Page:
- North Hollywood to Pasadena BRT – groundbreaking scheduled for 2020. Metro did its best to hold endless meetings while Eagle Rock NIMBYs went loudly ballistic against these bus improvements (while the cities of Glendale, Burbank, and Pasadena – in deference to drivers – quietly scaled back their portions of the project). Metro finally put the project out to bid in mid-2023, so the groundbreaking is four years late (assuming it happens soon). Measure M’s 2022-2025 opening date won’t happen; Metro now expects bus riders could see improvements Summer 2027. Project also includes bike and walk upgrades… someday!
- North San Fernando Valley BRT Improvements – groundbreaking scheduled for 2019. Valley NIMBYs defeated Measure M voters on this one. Metro is not doing full BRT, only basic bus improvements, mostly bus lanes and bus shelters. Some construction should get underway next year, with Metro projecting completion in Summer 2026, after the Measure M 2023-2025 scheduled opening date.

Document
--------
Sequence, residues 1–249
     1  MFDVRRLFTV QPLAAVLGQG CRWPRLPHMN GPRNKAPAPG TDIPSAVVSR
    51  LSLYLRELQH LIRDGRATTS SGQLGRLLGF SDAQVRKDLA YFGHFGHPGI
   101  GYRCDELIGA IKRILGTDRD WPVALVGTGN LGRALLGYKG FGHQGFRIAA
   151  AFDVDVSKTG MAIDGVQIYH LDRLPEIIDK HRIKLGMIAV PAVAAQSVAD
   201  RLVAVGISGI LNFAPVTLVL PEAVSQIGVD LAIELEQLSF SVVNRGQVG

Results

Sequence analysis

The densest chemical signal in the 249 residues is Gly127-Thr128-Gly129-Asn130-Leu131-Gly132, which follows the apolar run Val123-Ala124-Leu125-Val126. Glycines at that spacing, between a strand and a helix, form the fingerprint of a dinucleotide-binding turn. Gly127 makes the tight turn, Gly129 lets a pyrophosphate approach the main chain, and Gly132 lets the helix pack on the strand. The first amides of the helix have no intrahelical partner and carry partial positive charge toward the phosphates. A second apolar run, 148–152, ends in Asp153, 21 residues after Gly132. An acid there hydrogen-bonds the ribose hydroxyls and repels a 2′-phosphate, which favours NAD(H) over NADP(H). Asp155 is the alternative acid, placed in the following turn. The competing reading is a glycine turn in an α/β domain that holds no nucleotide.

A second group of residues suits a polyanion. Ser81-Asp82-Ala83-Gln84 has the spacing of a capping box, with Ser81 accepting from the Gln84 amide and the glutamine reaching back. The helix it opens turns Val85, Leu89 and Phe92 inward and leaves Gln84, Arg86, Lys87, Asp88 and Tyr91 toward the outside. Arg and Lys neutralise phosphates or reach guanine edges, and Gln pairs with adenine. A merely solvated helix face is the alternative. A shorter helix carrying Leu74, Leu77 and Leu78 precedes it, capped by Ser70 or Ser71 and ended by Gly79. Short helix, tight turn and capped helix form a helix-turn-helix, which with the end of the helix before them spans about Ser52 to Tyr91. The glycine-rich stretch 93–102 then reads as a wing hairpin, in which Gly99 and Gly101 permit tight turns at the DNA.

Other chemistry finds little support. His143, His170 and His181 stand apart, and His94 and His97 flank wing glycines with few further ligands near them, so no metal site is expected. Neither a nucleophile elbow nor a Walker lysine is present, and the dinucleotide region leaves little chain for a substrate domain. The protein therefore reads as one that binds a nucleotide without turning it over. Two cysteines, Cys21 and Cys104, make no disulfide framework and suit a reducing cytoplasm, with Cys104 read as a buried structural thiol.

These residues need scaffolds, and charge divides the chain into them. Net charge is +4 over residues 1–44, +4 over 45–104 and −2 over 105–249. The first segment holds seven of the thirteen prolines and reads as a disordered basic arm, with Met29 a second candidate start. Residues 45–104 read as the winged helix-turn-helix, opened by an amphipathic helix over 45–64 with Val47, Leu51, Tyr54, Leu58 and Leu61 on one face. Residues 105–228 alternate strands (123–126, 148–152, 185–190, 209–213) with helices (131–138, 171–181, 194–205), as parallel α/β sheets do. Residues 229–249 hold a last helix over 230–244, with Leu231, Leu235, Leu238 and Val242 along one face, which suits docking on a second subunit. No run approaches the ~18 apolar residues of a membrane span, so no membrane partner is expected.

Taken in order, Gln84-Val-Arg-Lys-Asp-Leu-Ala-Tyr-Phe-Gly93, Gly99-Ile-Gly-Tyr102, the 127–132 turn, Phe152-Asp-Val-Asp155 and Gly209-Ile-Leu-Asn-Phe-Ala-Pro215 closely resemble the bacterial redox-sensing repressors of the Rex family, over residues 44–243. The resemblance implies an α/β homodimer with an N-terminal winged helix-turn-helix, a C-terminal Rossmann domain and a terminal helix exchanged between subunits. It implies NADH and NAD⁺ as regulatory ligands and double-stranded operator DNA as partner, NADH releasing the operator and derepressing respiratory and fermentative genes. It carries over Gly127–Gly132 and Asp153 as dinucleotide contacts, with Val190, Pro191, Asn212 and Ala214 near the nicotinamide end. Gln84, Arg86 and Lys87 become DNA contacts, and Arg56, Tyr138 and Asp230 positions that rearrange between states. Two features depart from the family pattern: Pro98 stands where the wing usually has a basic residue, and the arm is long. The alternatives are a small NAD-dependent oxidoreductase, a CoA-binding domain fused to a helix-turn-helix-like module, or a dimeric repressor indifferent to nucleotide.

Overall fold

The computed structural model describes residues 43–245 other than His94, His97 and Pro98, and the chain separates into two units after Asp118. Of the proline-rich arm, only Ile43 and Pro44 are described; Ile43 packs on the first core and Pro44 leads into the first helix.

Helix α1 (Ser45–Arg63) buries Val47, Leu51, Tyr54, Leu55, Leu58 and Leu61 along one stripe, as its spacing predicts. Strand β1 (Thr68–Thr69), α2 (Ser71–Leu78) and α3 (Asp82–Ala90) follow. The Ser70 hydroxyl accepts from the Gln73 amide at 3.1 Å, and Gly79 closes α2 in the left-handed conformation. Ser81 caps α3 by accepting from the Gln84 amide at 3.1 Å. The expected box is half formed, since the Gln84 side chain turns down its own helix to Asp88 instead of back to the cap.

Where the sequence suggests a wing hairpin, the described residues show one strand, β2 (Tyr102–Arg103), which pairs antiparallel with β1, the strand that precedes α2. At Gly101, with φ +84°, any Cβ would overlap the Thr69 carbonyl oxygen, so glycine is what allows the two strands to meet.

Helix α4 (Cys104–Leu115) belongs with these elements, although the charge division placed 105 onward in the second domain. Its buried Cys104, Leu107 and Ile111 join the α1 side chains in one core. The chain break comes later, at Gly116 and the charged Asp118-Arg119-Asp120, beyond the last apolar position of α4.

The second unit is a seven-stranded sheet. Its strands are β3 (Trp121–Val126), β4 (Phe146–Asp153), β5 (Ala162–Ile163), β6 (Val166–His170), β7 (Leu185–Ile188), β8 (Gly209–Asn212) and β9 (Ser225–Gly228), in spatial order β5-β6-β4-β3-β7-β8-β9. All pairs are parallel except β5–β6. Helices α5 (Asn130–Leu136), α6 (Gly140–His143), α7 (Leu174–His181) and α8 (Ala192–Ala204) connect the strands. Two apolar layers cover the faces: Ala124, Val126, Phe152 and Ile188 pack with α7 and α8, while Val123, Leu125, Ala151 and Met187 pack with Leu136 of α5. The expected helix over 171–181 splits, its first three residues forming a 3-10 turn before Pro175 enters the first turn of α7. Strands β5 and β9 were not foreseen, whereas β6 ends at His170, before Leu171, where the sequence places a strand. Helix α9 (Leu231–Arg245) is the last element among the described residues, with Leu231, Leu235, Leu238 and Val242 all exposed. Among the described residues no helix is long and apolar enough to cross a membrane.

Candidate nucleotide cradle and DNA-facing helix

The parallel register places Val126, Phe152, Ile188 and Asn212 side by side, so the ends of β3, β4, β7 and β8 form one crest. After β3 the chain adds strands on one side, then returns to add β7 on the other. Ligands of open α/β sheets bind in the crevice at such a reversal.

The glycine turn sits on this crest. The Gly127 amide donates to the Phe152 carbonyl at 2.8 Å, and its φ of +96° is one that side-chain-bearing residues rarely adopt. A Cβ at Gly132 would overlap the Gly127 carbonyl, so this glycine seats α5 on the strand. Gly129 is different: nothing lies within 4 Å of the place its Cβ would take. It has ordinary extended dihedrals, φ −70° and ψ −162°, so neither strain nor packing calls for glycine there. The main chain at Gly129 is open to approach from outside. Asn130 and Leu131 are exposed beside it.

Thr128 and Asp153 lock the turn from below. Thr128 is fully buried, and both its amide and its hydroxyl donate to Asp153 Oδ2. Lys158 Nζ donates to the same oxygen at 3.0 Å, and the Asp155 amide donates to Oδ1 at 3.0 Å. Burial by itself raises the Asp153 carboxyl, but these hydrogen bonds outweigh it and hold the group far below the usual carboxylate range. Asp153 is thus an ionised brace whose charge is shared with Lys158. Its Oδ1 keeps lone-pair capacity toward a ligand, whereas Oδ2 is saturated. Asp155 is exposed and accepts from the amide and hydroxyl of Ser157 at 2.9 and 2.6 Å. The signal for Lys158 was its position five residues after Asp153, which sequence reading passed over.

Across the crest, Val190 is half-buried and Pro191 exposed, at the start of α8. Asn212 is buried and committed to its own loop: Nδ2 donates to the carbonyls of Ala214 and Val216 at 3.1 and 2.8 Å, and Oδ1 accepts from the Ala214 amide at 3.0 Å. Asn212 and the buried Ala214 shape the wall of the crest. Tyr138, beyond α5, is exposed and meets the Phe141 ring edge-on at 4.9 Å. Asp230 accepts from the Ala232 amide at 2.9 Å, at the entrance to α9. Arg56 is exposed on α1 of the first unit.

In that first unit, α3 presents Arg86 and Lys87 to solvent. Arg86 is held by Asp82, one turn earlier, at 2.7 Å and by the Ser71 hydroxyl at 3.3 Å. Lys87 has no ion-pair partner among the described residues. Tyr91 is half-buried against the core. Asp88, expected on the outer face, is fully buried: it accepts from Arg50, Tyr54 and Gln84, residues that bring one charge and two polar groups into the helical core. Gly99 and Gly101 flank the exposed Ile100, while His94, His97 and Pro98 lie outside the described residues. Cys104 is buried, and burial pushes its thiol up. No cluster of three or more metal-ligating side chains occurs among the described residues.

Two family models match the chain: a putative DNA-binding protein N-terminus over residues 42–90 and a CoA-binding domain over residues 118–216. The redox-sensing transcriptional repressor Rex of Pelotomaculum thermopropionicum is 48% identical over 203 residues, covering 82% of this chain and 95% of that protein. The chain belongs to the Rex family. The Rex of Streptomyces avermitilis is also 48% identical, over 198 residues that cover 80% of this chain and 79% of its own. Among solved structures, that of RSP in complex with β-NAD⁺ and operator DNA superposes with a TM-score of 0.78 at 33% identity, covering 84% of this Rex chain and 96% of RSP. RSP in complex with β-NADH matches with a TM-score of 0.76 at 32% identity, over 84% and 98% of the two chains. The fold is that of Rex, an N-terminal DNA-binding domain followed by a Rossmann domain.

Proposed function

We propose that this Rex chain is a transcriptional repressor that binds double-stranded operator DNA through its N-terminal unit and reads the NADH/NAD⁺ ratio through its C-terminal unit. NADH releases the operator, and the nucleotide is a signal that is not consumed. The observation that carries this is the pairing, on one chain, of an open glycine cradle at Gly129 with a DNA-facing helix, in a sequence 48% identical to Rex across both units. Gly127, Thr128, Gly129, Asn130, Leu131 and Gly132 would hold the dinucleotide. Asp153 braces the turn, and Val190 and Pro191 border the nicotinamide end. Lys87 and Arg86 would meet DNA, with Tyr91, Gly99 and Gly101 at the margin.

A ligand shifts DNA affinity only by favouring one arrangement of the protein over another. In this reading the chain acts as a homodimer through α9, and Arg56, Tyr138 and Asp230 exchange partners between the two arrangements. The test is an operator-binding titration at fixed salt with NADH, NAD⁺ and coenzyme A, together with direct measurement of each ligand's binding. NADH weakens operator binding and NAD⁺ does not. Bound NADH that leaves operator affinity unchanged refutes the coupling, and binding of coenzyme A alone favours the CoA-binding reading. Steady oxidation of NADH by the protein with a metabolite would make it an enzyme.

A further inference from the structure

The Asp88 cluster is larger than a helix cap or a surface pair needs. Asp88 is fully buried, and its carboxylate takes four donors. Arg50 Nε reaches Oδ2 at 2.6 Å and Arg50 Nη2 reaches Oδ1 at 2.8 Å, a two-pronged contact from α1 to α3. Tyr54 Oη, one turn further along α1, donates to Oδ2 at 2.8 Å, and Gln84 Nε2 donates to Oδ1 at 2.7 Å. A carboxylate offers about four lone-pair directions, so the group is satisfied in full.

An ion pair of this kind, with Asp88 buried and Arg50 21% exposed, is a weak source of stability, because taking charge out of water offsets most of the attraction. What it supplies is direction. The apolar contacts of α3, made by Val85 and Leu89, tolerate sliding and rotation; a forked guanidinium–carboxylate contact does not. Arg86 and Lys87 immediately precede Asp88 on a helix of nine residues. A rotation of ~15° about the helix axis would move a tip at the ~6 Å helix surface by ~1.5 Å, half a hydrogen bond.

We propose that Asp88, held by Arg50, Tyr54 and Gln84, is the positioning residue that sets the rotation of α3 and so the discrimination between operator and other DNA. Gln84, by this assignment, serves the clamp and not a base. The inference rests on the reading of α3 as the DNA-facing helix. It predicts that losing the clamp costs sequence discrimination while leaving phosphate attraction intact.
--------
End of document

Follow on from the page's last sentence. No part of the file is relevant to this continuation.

- L.A. River Bike/Walk Path – groundbreaking scheduled for Fiscal Year 2023. Metro is slow-walking its $365 million river path project through downtown L.A. and Vernon, because Metro doesn’t want to maintain the facility it promised to Measure M voters. Metro expects to release the project EIR (Environmental Impact Report) next Spring, with no anticipated schedule for groundbreaking or opening. Maybe cyclists should ride on those widened freeways instead.
The above list points to a pernicious double standard at Metro (one that SBLA has pointed out before). When it comes to freeway expansion, Metro staff and board are quick to insist that “we have to do this because it’s what the voters approved.” When it comes to transit (operations and capital), BRT, bike paths, etc., Metro is fine with delays, years of meetings, and scaling back and canceling projects – whether the voters like it or not.
If only Metro would act with the same urgency on equitable healthy modes – as it does for highway widening – but don’t hold your breath.
These delays are not all Metro’s fault. Federal and state funding streams are designed to funnel infrastructure funding into freeway expansion (and maintenance). Freeway projects get dollars, while transit and active transportation scrape together pennies.